First a brief description of what we're trying to achieve. We're basically trying for a single shard MMO that will accommodate all players on a giant planet, say 2000 km radius. In order to achieve this we will need .... well .... a giant plant. This presents a problem since the classical way to store worlds is triangles on disk and a world this big simply wouldn't fit on a players local computer. Therefore we won't generate world geometry on disk, we will instead define the majority of the terrain with functions and realize them into a voxel engine to get our meshes using a classic marching algorithm....... well actually a not so classic marching algorithm since it uses prisms instead of cubes. Our voxel engine will necessarily make use of an octrees to allow for the many levels of LOD and relatively low memory usage we need to achieve this. The work so far...... So below we have some test code that generates a sphere using the initial code of our Dragon Lands game engine..... void CDLClient::InitTest2() { // Create virtual heap m_pHeap = new(MDL_VHEAP_MAX, MDL_VHEAP_INIT, MDL_VHEAP_HASH_MAX) CDLVHeap(); CDLVHeap *pHeap = m_pHeap.Heap(); // Create the universe m_pUniverse = new(pHeap) CDLUniverseObject(pHeap); // Create the graphics interface CDLDXWorldInterface *pInterface = new(pHeap) CDLDXWorldInterface(this); // Create spherical world double fRad = 4.0; CDLValuatorSphere *pNV = new(pHeap) CDLValuatorSphere(fRad); CDLSphereObjectView *pSO = new(pHeap) CDLSphereObjectView( pHeap, fRad, 1.1 , 10, 7, pNV ); //pSO>SetViewType(EDLViewType::Voxels); pSO>SetGraphicsInterface(pInterface); // Create an astral reference from the universe to the world and attach it to the universe CDLReferenceAstral *pRef = new(pHeap) CDLReferenceAstral(m_pUniverse(),pSO); m_pUniverse>PushReference(pRef); // Create the camera m_pCamera = new(pHeap) CDLCameraObject(pHeap, FDL_PI/4.0, this>GetWidth(), this>GetHeight()); m_pCamera>SetGraphicsInterface(pInterface); // Create a world tracking reference from the unverse to the camera double fMinDist = 0.0; double fMaxDist = 32.0; m_pBoom = new(pHeap) CDLReferenceFollow(m_pUniverse(),m_pCamera(),pSO,16.0,fMinDist,fMaxDist); m_pUniverse>PushReference(m_pBoom()); // Set zoom speed in the client this>SetZoom(fMinDist,fMaxDist,3.0); // Create the god object (Build point for LOD calculations) m_pGod = new(pHeap) CDLGodObject(pHeap); // Create a reference for the god opbject and attach it to the universe CDLReferenceDirected *pGodRef = new(pHeap) CDLReferenceDirected(m_pUniverse(), m_pGod()); pGodRef>SetPosition(CDLDblPoint(0.0, 0.0, 6.0), CDLDblVector(0.0, 0.0, 1.0), CDLDblVector(0.0, 1.0, 0.0)); m_pCamera>PushReference(pGodRef); // Set the main camera and god object for the universe' m_pUniverse>SetMainCamera(m_pCamera()); m_pUniverse>SetMainGod(m_pGod()); // Load and compile the vertex shader CDLUString clVShaderName = L"VS_DLDX_Test.hlsl"; m_pVertexShader = new(pHeap) CDLDXShaderVertexPC(this,clVShaderName,false,0,1); // Attach the Camera to the vertex shader m_pVertexShader>UseConstantBuffer(0,static_cast<CDLDXConstantBuffer *>(m_pCamera>GetViewData())); // Create the pixel shader CDLUString clPShaderName = L"PS_DLDX_Test.hlsl"; m_pPixelShader = new(pHeap) CDLDXShaderPixelGeneral(this,clPShaderName,false,0,0); // Create a rasterizer state and set to wireframe m_pRasterizeState = new(pHeap) CDLDXRasterizerState(this); m_pRasterizeState>ModifyState().FillMode = D3D11_FILL_WIREFRAME; m_pUniverse()>InitFromMainCamera(); m_pUniverse()>WorldUpdateFromMainGod(); } And here's what it generates: Ok so it looks pretty basic, but it actually is a lot more complex than it looks.,,,, What it looks like is a subdivided icosahedron. This is is only partially true. The icosahedron is extruded to form 20 prisms. Then each each of those is subdivided to 8 subprisms and it's children are subdivided and so forth. Subdivision only takes place where there is function data (i.e. the function changes sign). This presents a big problem. How do we know where sign changes exist? Well we don't, so we have to go down the tree and look for them at the resolution we are currently displaying. Normally that would require us to build the trees all the way down just to look for sign changes, but since this is expensive we don't want to do it, so instead we do a "ghost walk". We build a lightweight tree structure which we use to find where data exists. We then use that structure to build the actual tree where voxels are needed. So I guess the obvious question is why is this any better than simply subdividing an icosohedron and perturbing the vertexes to get mountains, oceans and the like. The answer is this system will support full on 3D geometry. You can have caves, tunnels, overhangs, really whatever you can come up with. It's not just limited to height maps. Here's what our octree (or rather 20 octrees) looks like: Ok it's a bit odd looking but so far so good. Now we come to the dreaded voxel LOD and .....gulp .... chunking. .... So as would be expected we need a higher density of voxels close to the camera and lower density father away. We implement this by defining chunks. Each chunk is a prism somewhere in the tree(s) an contains subprism voxels. Chunks father way from the camera are larger and those closer to the camera are smaller, the same as with the voxels they contain. In the following picture we set the god object (the object that determiners our point for LOD calculation) to a fixed point so we can turn the world around and look at the chunk transitions. However normally we would attach it to the camera or the player's character so all chunking and LOD would be based on a players perspective. As you can see there are transitions from higher level chunks to lower level chunks and their corresponding voxels. In order to do this efficiently we divide the voxels in each chunk into two groups: center voxels and border voxels, and so each chunk can have two meshes that it builds. We do this so that if one chunk is subdivided into smaller chunks, we only need update the border mesh of neighboring chunks and so there is less work to be done and less data to send back down to the GPU. Actual voxel level transitions are done by special algorithms that handle each possible case. The whole transition code was probably the hardest thing to implement since there are a lot of possible cases. What else..... Oh yeah normals....... You can't see it with wire fame but we do generate normals. We basically walk around mesh vertexes in the standard way and add up the normals of the faces. There are a couple of complexities however. First we have to account for vertexes on along chunk boundaries, and second we wanted some way to support ridge lines, like you might find in a mountain range. So each edge in a mesh can be set to sharp which causes duplicate vertexes with different normals to be generated. Guess that's it for now. We'll try to post more stuff when we have simplex noise in and can generate mountains and such. Also we have some ideas for trees and houses but we'll get to that later.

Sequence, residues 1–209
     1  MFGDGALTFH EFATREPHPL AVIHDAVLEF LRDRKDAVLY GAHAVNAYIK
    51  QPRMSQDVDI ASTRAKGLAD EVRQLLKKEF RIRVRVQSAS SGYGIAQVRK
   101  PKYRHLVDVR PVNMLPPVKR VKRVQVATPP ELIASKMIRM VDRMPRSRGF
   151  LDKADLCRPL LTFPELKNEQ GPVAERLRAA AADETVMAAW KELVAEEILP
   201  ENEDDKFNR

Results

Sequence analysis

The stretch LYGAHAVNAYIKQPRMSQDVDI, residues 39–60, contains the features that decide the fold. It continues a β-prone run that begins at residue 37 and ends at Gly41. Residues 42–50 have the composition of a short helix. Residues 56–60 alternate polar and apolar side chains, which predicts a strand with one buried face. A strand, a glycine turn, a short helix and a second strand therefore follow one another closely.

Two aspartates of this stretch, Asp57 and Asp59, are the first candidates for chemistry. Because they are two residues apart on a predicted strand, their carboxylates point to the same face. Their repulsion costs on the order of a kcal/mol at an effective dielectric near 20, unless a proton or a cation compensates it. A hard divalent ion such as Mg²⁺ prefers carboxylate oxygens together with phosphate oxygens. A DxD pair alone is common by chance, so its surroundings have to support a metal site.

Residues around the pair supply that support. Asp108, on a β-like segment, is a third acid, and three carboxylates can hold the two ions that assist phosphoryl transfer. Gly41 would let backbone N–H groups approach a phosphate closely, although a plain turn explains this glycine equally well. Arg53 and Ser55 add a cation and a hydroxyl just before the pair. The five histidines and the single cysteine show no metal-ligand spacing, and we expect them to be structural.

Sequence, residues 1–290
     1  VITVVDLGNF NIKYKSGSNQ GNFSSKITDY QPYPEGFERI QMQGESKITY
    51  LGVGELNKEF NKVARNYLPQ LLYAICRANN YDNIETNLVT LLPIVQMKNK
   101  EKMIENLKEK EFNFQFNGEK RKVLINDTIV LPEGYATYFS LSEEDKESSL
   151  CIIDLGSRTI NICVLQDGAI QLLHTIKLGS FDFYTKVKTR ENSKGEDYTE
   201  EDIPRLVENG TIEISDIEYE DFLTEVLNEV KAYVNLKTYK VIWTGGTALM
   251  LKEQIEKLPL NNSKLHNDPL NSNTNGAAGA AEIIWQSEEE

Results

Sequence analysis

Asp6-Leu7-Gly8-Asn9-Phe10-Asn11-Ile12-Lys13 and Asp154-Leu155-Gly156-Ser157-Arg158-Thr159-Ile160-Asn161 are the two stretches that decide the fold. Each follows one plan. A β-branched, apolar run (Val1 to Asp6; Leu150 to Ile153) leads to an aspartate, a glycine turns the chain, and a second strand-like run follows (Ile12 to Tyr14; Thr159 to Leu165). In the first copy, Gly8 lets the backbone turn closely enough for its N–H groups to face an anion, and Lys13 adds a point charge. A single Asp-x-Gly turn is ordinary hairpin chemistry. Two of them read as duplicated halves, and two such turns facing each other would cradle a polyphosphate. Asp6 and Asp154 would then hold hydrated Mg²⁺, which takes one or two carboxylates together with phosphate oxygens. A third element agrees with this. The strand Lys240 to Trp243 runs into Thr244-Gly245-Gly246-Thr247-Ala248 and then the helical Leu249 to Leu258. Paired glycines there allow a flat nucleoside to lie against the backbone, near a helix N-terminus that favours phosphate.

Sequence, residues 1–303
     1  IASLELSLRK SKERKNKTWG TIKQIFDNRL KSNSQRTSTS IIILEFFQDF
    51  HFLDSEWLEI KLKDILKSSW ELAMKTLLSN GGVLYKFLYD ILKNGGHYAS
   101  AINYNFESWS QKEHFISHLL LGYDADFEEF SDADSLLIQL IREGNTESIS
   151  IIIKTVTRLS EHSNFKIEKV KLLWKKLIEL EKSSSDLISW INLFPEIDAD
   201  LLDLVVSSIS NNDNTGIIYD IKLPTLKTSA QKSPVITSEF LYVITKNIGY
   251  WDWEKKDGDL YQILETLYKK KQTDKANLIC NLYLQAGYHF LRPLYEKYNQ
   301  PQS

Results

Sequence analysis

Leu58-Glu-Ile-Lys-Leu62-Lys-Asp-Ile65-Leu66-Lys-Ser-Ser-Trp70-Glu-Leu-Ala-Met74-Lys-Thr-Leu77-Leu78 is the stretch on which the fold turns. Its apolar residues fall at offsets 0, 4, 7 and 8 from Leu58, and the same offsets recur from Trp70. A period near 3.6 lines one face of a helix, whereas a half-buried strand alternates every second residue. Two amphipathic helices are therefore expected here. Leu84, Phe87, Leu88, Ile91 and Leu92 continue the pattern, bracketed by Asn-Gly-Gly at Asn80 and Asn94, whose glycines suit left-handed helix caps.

Simply put, my function compares two AABBs for collision detection, and when they are around the same size it works fine, but I noticed that if I greatly decreased the size of one of them (or augmented the size of the other), then the collision wouldn't be detected correctly; I would have to have them intersect for a collision to be registered rather than having it register when they are at least in direct contact, which is the intended behavior. Below is my code. local function DetectCollision(a, b)  AABB to AABB local collisionX = (a.Position.X + a.Size.X) >= b.Position.X and (b.Position.X + b.Size.X) >= a.Position.X local collisionY = (a.Position.Y + a.Size.Y) >= b.Position.Y and (b.Position.Y + b.Size.Y) >= a.Position.Y local collisionZ = (a.Position.Z + a.Size.Z) >= b.Position.Z and (b.Position.Z + b.Size.Z) >= a.Position.Z return collisionX and collisionY and collisionZ end EDIT  To be more specific, the issues start to occur when I cut the size of one of the AABBs in half. For instance, if I had two cubes where one's size is 12 on all axes and the other is six on all axes, then the collision will not register. Upon debugging, I noticed that only one of the collision bools will become false. This seems to depend on what axis the smaller bounding box moves from in relation to the bigger one, so if I moved the smaller AABB away from the bigger one on the yaxis, then collisionY will be false.